We as women want it all and why shouldn’t we? We have been empowered and with all the right tools at hand and brain, our main goals are focused on “what can I do to make a difference to my world, my society, my people, and my country?”
As a recently married woman (7 months now), my husband and I had a million things to discuss, from finances, work-life balance, children and so on. For us, entering our 30s and choosing to get married meant the next logical step is to have children. Wanting to have kids is something, but to get to the emotional and physical state where you are sure bringing children to the world is something that you need to consider carefully as well as believe that your Maker will give you that opportunity. Not only as a woman you need to be prepared but you must ensure that your partner and yourself have the same goals and are willing to take on the responsibility and share it because raising a child takes two or in our case and entire village or family.
In the UAE, we are blessed to have a small Emirati population that the Government can help support when it comes to education, medical care and housing in addition to family support. What is even more helpful is the fact our families are within close proximity so the dependence on nannies and maids is optional (even though a lot of people use them as a substitute). I can never imagine what it is like for an expat to have to live so far away from their families, raising children, working and providing for their families.
My husband and I live within 10 minutes away from our parents so anything we need is easy to obtain which brings me to the subject of the maternity leave and policies in the UAE. Shaima Al Tamimi, a writer in Sail eMagazine covered the topic last year http://sailemagazine.com/?p=1080 and the subject has been raised so many times on numerous occasions by countless of women.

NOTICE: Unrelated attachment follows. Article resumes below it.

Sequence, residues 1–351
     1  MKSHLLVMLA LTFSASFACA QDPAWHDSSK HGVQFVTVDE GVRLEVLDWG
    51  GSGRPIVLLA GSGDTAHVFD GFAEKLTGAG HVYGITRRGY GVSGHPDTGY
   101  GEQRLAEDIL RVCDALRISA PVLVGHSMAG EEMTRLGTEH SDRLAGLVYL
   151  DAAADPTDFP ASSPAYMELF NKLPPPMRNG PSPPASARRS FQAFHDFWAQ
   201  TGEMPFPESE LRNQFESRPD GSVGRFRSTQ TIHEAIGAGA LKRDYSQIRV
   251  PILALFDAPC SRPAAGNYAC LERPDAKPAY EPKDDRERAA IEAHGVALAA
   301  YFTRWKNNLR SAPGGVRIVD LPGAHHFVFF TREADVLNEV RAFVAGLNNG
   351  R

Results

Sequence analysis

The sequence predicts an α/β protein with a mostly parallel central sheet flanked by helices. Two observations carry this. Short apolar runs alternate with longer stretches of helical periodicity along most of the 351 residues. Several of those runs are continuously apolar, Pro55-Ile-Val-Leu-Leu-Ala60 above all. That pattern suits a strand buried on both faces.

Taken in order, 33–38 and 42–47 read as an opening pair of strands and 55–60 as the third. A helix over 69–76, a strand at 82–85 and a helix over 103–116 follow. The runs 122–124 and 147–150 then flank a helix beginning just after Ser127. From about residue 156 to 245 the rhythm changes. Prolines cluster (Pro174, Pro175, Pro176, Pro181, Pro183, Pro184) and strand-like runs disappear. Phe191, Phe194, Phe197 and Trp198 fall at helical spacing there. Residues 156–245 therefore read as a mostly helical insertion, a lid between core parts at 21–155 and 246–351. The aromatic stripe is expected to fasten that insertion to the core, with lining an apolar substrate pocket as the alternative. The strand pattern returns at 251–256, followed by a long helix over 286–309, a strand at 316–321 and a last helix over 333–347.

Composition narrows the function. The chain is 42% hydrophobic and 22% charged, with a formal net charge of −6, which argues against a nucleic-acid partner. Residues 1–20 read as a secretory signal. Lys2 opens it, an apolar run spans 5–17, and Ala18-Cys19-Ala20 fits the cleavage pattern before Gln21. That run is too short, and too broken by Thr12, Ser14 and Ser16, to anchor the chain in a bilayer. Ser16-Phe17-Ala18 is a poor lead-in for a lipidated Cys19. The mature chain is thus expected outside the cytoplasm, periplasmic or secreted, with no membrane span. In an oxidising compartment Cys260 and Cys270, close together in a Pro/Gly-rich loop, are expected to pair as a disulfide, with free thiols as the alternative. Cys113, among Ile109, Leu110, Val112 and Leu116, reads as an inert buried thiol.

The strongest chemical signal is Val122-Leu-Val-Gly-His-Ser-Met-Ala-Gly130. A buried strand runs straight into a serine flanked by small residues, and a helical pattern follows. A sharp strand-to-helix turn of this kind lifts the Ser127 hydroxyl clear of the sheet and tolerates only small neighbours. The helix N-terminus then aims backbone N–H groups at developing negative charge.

A few weeks ago, I was lucky enough to be in a workshop with many esteemed women in the community and one of the main issues that was again raised was maternity leave. My question to the UAE and the region is, for a nation that places so much emphasis on family, values and culture and raising children and increasing the population by bringing children into the world whilst at the same time places importance on women working and women empowerment; do we have the worst maternity leave than our “Western” counterparts?
We have competed with the West in fashion, shopping, infrastructure, financial institutions, etc. but our social problems seem to increase by the day starting with the main question for couples on … “should we have a child?” “Can I leave my job? (For a woman)” and most importantly “how do I leave my child after 45 days?” Let me back track, 45 days is the maximum amount of time that private companies give to their women to take off after having delivered their babies. It differs for Government entities and semi-Government ones and companies that are owned by British, French, Canadian, whatever other nationality have even longer maternity leaves.